American College Of Surgeons - Inspiring Quality: Highest Standards, Better Outcomes

Fact Sheet: Examples of Quality Improvement in ACS NSQIP® Participating Hospitals

In his editorial in the February 2015 issue of the Journal of the American Medical Association (JAMA), “Measuring Surgical Outcomes for Improvement Was Codman Wrong,” Dr. Donald M. Berwick clearly shows his support for hospitals tracking their surgical outcomes and then taking action to improve care.  He recognizes at the heart of quality improvement is the collection and review of robust clinical data. 

The American College of Surgeons National Quality Improvement Program (ACS NSQIP®) is the gold standard in clinical data registries across surgical specialties. Participating hospitals collect 30-day outcomes, receive risk-adjusted real-time reports, are able to benchmark against other participating hospitals, and ultimately use their data to identify quality improvement activities that matter to them. ACS NSQIP participating hospitals, as Dr. Berwick recognizes, “…know a great deal from their own experiences…” 

While participation alone in ACS NSQIP may lead to some improvement, real strides in decreasing risk for infections, readmissions, reoperations, morbidity and mortality come from quality improvement programs within single institutions, systems, state-wide collaboratives and national initiatives after data are reviewed.  Again, as Dr. Berwick notes, “In the pursuit of improvement, capturing local individual stories and within-organization trends is as important for learning as is calculating P values for relative differences between groups” – something the ACS NSQIP community knows and appreciates.

The ACS NSQIP Annual National Conference will be celebrating its tenth anniversary in Chicago, IL in July 2015.  Drawing surgeons, nurses, quality improvement experts, hospital administrators and researchers, this nearly week-long event grows each year with networking opportunities and sessions purposefully offered to allow hospitals to proudly showcase what they are doing with the data they are fed back through ACS NSQIP.  The 2014 conference in New York City boasted over 1,200 attendees, nearly 20 events on collaborative learning and about 125 presentations of hospitals sharing their quality improvement stories.  Over the past several years, there have been nearly 900 presentations on quality improvement topics at the ACS NSQIP conference.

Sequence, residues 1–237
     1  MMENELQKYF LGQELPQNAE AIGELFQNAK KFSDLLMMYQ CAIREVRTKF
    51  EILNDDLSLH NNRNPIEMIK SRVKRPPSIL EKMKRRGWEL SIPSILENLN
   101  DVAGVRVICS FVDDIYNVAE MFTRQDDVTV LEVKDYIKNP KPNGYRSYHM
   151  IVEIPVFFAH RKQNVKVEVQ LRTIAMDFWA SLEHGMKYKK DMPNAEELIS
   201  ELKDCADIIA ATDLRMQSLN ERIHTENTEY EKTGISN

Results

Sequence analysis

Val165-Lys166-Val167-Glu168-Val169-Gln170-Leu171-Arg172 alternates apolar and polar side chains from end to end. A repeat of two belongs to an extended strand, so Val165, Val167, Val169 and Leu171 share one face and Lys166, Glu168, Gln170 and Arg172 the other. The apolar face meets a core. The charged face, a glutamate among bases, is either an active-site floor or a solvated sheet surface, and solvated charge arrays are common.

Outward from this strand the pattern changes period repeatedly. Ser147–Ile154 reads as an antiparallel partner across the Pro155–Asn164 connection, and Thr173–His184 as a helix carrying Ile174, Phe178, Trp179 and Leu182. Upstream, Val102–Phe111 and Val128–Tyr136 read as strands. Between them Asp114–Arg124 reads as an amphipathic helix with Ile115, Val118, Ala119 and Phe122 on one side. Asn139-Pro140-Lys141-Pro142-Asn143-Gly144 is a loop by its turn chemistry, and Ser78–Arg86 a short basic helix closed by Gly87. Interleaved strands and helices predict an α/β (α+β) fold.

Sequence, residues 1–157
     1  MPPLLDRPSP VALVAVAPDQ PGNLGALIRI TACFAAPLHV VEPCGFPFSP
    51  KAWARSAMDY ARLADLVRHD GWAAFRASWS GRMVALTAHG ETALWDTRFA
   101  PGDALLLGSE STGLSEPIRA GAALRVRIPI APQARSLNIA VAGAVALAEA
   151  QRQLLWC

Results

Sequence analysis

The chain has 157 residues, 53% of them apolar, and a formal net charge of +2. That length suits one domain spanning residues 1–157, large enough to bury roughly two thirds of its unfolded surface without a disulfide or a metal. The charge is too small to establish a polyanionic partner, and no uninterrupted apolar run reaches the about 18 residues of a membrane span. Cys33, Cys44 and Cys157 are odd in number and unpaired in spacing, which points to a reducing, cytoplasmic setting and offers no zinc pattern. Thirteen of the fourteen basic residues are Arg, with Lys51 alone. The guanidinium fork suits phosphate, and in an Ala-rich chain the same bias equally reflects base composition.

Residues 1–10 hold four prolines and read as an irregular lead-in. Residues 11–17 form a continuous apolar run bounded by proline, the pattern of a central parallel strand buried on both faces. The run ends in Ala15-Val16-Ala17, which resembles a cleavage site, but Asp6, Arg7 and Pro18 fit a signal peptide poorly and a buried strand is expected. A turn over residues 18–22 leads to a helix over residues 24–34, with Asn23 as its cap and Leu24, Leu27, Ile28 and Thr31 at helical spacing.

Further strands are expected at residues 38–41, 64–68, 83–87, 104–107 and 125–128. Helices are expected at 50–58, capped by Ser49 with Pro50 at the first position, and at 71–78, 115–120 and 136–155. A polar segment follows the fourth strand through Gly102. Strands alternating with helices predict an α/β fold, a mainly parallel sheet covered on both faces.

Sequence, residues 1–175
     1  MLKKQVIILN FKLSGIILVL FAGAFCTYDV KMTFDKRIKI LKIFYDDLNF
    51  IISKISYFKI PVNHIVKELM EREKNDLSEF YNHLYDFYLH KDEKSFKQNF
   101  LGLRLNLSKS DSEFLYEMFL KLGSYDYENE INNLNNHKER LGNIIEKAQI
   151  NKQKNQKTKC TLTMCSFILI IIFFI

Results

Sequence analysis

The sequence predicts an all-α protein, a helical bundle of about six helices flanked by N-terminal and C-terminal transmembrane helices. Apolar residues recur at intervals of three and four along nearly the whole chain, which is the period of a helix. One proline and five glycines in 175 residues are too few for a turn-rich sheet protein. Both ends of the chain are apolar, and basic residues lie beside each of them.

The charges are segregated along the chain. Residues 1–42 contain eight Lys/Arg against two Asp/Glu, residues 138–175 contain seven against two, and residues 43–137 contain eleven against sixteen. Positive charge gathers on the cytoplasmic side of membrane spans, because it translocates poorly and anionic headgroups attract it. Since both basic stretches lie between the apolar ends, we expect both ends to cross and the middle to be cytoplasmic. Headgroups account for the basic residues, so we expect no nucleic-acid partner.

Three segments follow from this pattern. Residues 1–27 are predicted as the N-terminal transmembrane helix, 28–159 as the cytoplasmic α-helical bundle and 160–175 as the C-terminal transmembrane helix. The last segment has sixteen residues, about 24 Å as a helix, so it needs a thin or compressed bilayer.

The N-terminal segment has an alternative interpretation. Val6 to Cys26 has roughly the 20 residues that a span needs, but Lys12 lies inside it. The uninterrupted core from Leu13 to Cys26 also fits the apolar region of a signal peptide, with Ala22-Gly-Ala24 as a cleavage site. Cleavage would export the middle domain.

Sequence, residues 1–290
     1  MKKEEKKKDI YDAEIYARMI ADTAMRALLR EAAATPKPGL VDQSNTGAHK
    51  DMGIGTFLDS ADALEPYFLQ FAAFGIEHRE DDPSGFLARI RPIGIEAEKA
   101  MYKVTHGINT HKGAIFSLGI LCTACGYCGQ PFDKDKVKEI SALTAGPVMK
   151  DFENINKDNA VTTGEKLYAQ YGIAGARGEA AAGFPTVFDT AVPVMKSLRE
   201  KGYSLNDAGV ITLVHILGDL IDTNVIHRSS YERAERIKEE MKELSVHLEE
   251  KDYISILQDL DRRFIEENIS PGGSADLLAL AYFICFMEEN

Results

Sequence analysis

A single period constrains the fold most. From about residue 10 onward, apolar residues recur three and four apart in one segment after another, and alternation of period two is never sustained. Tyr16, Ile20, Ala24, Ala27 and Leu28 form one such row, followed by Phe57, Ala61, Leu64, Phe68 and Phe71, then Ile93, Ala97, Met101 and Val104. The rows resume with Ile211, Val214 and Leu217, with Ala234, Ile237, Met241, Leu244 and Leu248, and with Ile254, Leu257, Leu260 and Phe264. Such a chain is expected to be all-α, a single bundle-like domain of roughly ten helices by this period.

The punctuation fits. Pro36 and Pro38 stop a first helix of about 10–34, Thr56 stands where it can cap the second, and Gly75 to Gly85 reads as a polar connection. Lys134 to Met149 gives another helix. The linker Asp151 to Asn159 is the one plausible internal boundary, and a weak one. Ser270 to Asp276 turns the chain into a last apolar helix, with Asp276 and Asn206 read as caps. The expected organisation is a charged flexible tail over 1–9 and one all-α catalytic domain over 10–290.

Hospitals come in all sizes as do the QI success stories representing improvement in surgical patient care, within single community based institutions, those with global recognition, and collaborative groups.  The conference, as well as volumes of ACS NSQIP Best Practices compendiums, captures this local movement of QI within ACS NSQIP sites across the US, Canada, and internationally. For example:

  • One nonprofit community hospital in the south recognized its urinary tract infection (UTI) rate was three times higher than at comparable hospitals. Through a carefully crafted QI project and monitoring of its NSQIP data for a good part of the year, it dropped its UTI rates to below average levels and length of stay for patients with UTIs from twice as long to same as patients without UTI.
  • A state collaborative with over 20 hospitals reported to have saved 533 lives and $75 million over three years, from 2009 to 2012.
  • A large hospital in the west aimed to significantly reduce its surgical site infection (SSI) rates.  The hospital described that by looking at its data and enacting principles learned at the ACS NSQIP conference, it produced significant and sustained improvement in its SSI rates.
  • A medical center in the east observed through its ACS NSQIP feedback reports an unfavorable upward trend in its venous thromboembolism (VTE) rates. The hospital established a multidisciplinary team, implemented standardized risk assessment, and initiated prophylaxis. The data soon showed VTE rates falling significantly year-over-year since implementation.